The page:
de Blasio’s New York City
What he left behind
Penn Station was always filled with the homeless and drug addicts. The last eight years have been nothing but degeneracy, but that was to be expected with Big Bird de Blasio, who’d rather spend time painting BLM on the street than doing his job; and when he’s not painting anti-cop political movements, he’s out at gyms because he needs to stay fit to make decisions for New Yorkers, as they’re locked up in their homes from the lockdowns he imposed; and when he’s not doing that, he’s segregating the city because, despite New York being infested with covid, “mandates work.” But this isn’t a profile on de Blasio’s idiocy or his contempt for the human race—he believes people are animals who do best with a “carrot and stick” dangling in front of them—It’s a memorandum of the disgusting condition he will leave New York in.
As New Yorkers pay ridiculously high state taxes, they can hardly take the train without being harassed by some homeless drug addict who makes a living begging for money. Those who take offense to that statement either don’t live in New York or believe they have a dollar to spare every few minutes—they must be rich, and mustn’t look down on us peasants who can’t afford to financially support someone else’s bad decisions. Nevertheless, New Yorkers shouldn’t be too pressed about this, because most don’t give anything to these people either. They sit with their heads down pretending like they don’t hear them, until the bum starts yelling in their faces and they’re forced to acknowledge his presence, only to quietly shake their heads and apologize.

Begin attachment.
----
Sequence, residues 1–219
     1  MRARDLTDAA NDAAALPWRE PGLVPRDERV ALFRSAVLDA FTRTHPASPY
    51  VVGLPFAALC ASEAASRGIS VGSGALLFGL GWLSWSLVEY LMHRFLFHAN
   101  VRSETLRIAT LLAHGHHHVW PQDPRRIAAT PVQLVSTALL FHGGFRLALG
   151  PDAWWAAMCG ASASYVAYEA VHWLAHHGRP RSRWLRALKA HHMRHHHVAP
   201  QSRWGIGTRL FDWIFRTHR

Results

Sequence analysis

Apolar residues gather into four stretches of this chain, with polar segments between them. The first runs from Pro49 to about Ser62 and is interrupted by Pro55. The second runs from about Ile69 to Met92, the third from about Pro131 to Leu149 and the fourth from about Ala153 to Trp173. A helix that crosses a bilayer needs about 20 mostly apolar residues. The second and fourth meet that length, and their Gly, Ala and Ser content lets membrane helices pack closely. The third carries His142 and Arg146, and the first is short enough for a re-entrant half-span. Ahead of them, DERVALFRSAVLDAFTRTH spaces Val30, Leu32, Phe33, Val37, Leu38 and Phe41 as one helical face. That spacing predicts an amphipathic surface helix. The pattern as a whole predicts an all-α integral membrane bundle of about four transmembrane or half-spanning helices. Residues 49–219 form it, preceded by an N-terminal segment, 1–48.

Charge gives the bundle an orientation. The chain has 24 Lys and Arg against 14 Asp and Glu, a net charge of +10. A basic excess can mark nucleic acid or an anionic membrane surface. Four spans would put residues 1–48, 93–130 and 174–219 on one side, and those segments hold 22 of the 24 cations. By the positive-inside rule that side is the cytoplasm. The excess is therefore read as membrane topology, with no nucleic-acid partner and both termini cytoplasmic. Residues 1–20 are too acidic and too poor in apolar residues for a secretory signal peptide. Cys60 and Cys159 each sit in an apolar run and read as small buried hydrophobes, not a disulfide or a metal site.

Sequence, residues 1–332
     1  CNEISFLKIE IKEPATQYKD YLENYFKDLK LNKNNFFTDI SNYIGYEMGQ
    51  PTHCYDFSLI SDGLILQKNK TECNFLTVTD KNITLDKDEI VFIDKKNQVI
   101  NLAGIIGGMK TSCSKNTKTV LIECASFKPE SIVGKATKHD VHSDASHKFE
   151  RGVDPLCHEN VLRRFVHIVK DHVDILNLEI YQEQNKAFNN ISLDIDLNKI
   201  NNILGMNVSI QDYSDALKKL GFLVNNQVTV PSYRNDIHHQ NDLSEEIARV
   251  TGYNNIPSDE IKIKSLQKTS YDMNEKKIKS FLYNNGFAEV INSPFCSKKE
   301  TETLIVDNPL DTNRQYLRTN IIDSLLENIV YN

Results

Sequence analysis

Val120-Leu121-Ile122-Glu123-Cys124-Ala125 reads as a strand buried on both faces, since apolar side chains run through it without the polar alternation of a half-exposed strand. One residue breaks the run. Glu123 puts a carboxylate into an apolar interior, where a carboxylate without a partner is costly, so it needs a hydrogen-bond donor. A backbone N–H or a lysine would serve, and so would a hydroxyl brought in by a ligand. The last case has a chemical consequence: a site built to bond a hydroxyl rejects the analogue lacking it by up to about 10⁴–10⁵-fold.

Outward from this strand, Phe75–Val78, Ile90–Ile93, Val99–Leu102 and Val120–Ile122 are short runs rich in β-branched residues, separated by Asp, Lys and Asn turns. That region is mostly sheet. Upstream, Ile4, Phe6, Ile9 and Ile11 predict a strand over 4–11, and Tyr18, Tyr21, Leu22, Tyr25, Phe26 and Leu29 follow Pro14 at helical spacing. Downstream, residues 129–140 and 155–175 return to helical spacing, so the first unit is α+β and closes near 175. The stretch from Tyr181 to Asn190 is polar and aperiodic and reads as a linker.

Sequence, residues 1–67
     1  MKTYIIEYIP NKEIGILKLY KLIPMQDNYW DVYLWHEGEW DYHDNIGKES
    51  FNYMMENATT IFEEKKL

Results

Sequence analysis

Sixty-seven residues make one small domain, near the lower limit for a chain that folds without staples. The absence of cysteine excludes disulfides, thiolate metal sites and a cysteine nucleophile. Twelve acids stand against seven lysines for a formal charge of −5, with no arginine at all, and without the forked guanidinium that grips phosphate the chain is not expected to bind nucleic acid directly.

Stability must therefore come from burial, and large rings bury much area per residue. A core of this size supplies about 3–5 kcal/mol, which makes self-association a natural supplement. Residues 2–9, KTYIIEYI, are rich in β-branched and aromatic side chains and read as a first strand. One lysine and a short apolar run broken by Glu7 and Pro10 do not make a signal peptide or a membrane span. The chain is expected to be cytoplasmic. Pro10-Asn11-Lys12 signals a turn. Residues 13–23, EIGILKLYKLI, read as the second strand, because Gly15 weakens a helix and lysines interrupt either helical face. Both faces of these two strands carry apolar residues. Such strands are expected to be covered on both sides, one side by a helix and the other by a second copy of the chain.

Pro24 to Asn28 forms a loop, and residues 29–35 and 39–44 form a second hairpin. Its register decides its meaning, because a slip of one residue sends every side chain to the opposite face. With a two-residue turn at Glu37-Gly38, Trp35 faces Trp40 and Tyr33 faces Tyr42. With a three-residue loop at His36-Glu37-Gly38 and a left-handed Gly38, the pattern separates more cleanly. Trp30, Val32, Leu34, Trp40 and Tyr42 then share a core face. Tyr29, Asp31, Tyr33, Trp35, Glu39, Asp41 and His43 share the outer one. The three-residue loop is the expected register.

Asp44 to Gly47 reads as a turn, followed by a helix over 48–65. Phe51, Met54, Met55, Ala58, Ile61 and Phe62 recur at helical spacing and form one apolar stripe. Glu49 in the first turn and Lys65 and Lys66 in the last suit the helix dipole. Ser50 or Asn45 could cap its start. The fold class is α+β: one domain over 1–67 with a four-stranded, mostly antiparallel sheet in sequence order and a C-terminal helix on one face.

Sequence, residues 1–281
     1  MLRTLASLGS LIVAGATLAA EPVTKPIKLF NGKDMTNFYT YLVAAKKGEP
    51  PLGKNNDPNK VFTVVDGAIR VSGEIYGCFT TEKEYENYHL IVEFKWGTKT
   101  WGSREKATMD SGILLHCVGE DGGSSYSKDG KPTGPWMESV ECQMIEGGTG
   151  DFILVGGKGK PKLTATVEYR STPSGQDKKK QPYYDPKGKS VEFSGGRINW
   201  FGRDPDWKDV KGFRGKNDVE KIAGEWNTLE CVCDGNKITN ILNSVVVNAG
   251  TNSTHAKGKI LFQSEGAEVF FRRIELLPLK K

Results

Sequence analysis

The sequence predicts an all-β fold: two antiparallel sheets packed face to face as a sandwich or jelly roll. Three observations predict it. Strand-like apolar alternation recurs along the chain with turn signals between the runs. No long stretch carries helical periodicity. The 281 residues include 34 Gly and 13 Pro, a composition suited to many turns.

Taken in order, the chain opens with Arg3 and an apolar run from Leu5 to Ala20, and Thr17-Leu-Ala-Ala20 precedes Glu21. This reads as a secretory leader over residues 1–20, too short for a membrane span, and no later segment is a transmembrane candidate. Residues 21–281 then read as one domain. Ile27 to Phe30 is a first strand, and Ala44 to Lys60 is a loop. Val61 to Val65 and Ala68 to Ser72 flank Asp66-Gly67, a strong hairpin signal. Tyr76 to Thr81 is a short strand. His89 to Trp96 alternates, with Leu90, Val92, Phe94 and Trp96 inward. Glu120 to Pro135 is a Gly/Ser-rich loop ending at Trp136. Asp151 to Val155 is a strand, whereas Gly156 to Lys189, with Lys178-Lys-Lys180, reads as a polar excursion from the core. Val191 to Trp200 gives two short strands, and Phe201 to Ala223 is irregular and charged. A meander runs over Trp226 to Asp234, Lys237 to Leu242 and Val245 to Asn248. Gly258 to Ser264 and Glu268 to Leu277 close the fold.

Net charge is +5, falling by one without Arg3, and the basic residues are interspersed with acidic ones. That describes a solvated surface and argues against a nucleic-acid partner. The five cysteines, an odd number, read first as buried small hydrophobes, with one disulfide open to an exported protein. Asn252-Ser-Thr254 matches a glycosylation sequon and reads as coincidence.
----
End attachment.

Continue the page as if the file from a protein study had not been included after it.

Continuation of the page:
I used to give money. But primarily to street performers, artists, or others who are just trying to make a living showing off their talents and, in the process, making New York City more bearable of a place. These aren’t bums. They make people turn their heads, even if it’s just to sport a brief smile of recognition. Eventually, even they stopped coming out.
The streets are now littered with criminals and the homeless. The overall crime index is up 41% in the past month, and 38% for the year; while some may argue that New York is doing better in some areas like murder and shooting incidents, crime is still high, with robbery, felonious assault, and grand larceny up 13%, 13% and 93% respectively. While the MTA says the subway is the safest place, most New Yorkers know that this isn’t true.